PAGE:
The former Mental Health and Mental Retardation Association building at 2850 Fannin St. and its many murals are now rubble, a reader notes. The shot above catches the destroyed structure next to Sebastien Boileau’s Preservons la Creation mural across the street on the back of 2800 San Jacinto St., juxtaposed with what appears to be some carefully timed oncoming traffic to add that dramatic glow to the painted figure’s outstretched spray paint can. The reader also caught one of the excavators climbing atopits defeated adversary earlier in the day, beneath the giant cross of the St. Joseph Professional Building:
If you have information regarding the whereabouts of the cheery orange digging machine spotted yesterday morning dipping its tracks into a brimming Brays Bayou, a concerned reader would like to hear it — the shot above is his last sighting of the machine, taken from the Main St. bridge. “When I looked today, it was gone. Any idea what happened to it?” 24 hours, of course, is plenty of time for someone to have taken the excavator somewhere warm to dry off, so no reason to assume anything particularly unfortunate transpired; the photo was taken around 8:30, a little over an hour after the water had begun to recede from its early morning crest, according to the Harris County Flood Controlgauge readings at the Main St. bridge:
Steeple-themed nightclub and Swampies also-ranSpire is now up and running in Downtown’s converted First Church of Christ, Scientist at 1720 Main St., following last winter’s covert purchase by the group running Clé bar. The remodeled Mod space officially opened last weekend and is currently advertising upcoming events on a marquee along Jefferson St., including a Playboy-sponsored pre-Super Bowl party (scheduled against the Taylor Swift concert at temporary 3-story nightclub Club Nomadic, among other goings-on). Other upcoming Spire events include this weekend’s Waka Flocka Flame concert and the VS vs Fredericks Lingerie Contest scheduled for next Wednesday.
Some promotional photos from the club provide a few views of the former altar (above, with a view of the original for comparison), as well as the added balconies and new seating arrangement possibilities in the main sanctuary:
Most of the grassy banks and walking paths usually visible east of Main St. are obscured in this morning’s footage from semi-regular Allen’s Landing correspondent Christine Wilson, who captured some shots of high water (and a few street lamps shakin’ it in the current). This morning’s heavy rain has overtopped roads in some of the usual spots (check out Transtar’s list of water-related road closureshere) west and north of Downtown, and the National Weather service has just issued a flood warning for parts of the city through 4:15 this afternoon (with more rain expected later today). The confluence of White Oak and Buffalo bayous, receiving much of that water as it runs toward the bay, appears to have been swept clean of trash and baby ducks for the time being, though some larger waterfowl were still spotted hanging around upslope on the southern shore:
The building at 2850 Fannin St. (seen here across the Main St. light-rail tracks next to the recently gassed Art Supply building) has been split into pieces as of this morning. A reader on the scene caught sight (and footage, above) of several excavators simultaneously scraping away at the scene, with aid from a small bulldozer. Here’s a few more views of what was left of the structure and its extensive paint job:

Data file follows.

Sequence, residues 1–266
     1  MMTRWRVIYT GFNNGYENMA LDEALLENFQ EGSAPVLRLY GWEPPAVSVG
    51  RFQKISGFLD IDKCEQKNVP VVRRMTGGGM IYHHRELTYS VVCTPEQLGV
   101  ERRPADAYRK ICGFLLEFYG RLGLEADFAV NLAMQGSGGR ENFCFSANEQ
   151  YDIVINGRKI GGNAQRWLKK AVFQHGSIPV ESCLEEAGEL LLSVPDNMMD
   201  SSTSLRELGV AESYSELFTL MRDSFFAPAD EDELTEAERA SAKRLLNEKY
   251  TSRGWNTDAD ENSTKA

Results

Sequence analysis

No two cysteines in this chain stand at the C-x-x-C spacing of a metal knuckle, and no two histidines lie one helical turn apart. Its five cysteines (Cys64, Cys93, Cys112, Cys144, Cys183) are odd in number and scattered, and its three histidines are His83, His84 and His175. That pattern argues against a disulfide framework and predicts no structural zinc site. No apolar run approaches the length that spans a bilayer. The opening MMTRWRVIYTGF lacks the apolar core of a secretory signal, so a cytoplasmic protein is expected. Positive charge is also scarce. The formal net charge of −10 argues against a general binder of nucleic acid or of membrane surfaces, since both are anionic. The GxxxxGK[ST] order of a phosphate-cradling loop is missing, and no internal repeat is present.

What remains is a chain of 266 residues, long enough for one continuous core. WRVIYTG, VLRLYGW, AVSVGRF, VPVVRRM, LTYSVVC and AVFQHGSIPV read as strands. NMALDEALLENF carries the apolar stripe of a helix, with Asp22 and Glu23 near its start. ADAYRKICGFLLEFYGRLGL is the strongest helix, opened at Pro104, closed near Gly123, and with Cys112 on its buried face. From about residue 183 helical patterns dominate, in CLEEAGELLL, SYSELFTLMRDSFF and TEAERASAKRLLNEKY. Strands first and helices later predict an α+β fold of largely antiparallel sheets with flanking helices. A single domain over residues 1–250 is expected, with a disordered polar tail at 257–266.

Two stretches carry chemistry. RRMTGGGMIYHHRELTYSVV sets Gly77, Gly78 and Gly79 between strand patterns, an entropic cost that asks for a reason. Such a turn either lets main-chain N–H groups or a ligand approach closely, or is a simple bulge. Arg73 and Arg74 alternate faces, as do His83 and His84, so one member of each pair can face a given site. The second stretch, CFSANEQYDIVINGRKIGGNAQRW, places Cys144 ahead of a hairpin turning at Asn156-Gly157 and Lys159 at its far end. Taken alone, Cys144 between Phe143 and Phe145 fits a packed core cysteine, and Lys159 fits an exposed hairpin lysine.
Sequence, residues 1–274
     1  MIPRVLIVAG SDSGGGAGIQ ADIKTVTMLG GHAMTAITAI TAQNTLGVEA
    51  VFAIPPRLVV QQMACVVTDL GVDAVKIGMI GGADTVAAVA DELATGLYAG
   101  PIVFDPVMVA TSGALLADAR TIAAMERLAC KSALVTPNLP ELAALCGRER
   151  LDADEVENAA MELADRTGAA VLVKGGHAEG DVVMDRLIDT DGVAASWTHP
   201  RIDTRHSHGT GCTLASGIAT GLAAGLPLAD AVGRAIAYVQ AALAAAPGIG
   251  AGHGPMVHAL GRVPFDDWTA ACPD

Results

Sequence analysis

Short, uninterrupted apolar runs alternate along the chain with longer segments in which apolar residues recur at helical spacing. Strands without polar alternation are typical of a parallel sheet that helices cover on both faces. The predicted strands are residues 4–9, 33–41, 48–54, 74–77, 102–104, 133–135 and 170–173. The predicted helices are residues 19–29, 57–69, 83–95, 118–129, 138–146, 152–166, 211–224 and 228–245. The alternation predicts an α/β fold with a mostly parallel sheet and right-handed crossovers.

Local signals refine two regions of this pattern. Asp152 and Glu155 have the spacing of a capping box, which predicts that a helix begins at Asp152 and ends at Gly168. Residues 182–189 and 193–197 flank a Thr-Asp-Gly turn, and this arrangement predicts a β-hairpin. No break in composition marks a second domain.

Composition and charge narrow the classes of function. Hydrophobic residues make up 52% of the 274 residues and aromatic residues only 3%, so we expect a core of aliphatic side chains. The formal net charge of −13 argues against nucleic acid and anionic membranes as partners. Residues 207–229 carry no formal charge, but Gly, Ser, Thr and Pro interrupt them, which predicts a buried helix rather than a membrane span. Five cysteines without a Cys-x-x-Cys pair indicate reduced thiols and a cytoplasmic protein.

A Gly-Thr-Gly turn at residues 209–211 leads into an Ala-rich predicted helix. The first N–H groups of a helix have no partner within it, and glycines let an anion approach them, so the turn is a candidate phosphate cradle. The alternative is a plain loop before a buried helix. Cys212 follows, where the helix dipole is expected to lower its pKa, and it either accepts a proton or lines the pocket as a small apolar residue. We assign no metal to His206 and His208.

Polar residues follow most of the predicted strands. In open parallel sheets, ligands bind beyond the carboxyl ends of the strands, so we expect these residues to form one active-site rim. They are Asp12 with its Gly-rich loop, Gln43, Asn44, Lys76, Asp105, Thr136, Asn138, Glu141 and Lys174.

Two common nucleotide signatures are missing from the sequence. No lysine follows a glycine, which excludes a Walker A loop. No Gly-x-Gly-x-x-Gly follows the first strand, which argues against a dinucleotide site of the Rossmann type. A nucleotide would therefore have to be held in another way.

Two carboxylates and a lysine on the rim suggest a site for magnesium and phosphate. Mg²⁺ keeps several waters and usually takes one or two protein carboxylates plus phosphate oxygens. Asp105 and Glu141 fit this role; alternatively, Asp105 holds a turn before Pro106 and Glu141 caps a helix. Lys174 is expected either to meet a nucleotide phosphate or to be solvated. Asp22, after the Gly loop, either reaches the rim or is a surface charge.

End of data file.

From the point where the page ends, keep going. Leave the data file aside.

Over the weekend MATCH Theater and Montrose H-E-B designer Lake Flato hit Instagram to release some depictions of what the formerMcGowen Cleaners at the corner of Fairview and Morse streets might looked like dressed up as a restaurant (as per that TABC license notification spotted over the summer at the site). The design shows some of the current doors turned into windows, some of the current windows turned into much longer windows, and an existing patio cover hosting a series of hanging seat-pods, amid much leafier landscaping. The plan also calls for the creation of a new courtyard out back, to be “carved out of the existing building;” another rendering shows a sliver of what that might look like from the inside, on the right below:
The latest ad for the in-the-works Houston franchise of restaurant and periodic drag venue Hamburger Mary’s includes a collection of cartoonified downtown landmarks (among them Pennzoil Place and Bank of America Center), with an Astrodome tacked onto one side of the abbreviated skyline for good measure. As to where exactly the restaurant and bar is settling in — what with the old Mary’s spot already taken, and all — permits have been issued for the Converse St. end of the strip center at 2409 Grant St., a block east of Montrose Blvd. That’s where not-safe-for-work clothing and accessories shop Hollywood Super Center previously operated, before moving next door into the former Hollywood Investments & Realty space): CONTINUE READING THIS STORY
If you’ve got today off, you could go check out the recently reinstalled Broken Obelisk in front of the Rothko Chapel, dedicated to the doctor back in 1971 (and balanced back in place last month as shown above, following the statue’s extended reparative staycation in Connecticut). Swamplot is pausing for the afternoon to pay a quick visit; we’ll be back tomorrow with our regular coverage of Houston real estate back-and-forth.
Footage of reinstallation of Barnett Newman’s Broken Obelisk at the Rothko Chapel: Rothko Chapel
Before being shooed away by fire department folks near the corner of Dennis and Fannin streets around noon yesterday, reader and art blogger Robert Boyd managed to snap a shot of the hole dug recently along the sidewalk. “You might be able to see that the fire fighters were wearing gas masks,” Boyd notes, surmising that the digging was related to the gas lines for the under-deconstruction former Mental Health and Mental Retardation Association building building a block further south (shown above); the digging apparently also caused the gas leak that triggered the shutdown of several nearby streets for part of the day. Boyd reports that the folks in the Art Supply on Main building, located between the digging and the demo site, “were totally cut off for most of [the day]. HFD showed up and asked up all to stay inside — we could get out of our parking lot, but not back in.”